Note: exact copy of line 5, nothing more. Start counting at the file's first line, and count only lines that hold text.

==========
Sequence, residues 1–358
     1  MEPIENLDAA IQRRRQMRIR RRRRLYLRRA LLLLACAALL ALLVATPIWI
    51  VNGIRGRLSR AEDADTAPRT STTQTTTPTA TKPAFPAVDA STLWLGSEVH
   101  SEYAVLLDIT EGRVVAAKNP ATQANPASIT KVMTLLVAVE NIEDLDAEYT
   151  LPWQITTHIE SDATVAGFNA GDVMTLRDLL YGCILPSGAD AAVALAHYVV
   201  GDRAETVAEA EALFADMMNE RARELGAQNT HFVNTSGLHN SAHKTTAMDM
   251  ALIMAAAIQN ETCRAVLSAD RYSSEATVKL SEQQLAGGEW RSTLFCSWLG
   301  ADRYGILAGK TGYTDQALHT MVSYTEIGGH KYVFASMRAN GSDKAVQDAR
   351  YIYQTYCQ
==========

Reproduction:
   151  LPWQITTHIE SDATVAGFNA GDVMTLRDLL YGCILPSGAD AAVALAHYVV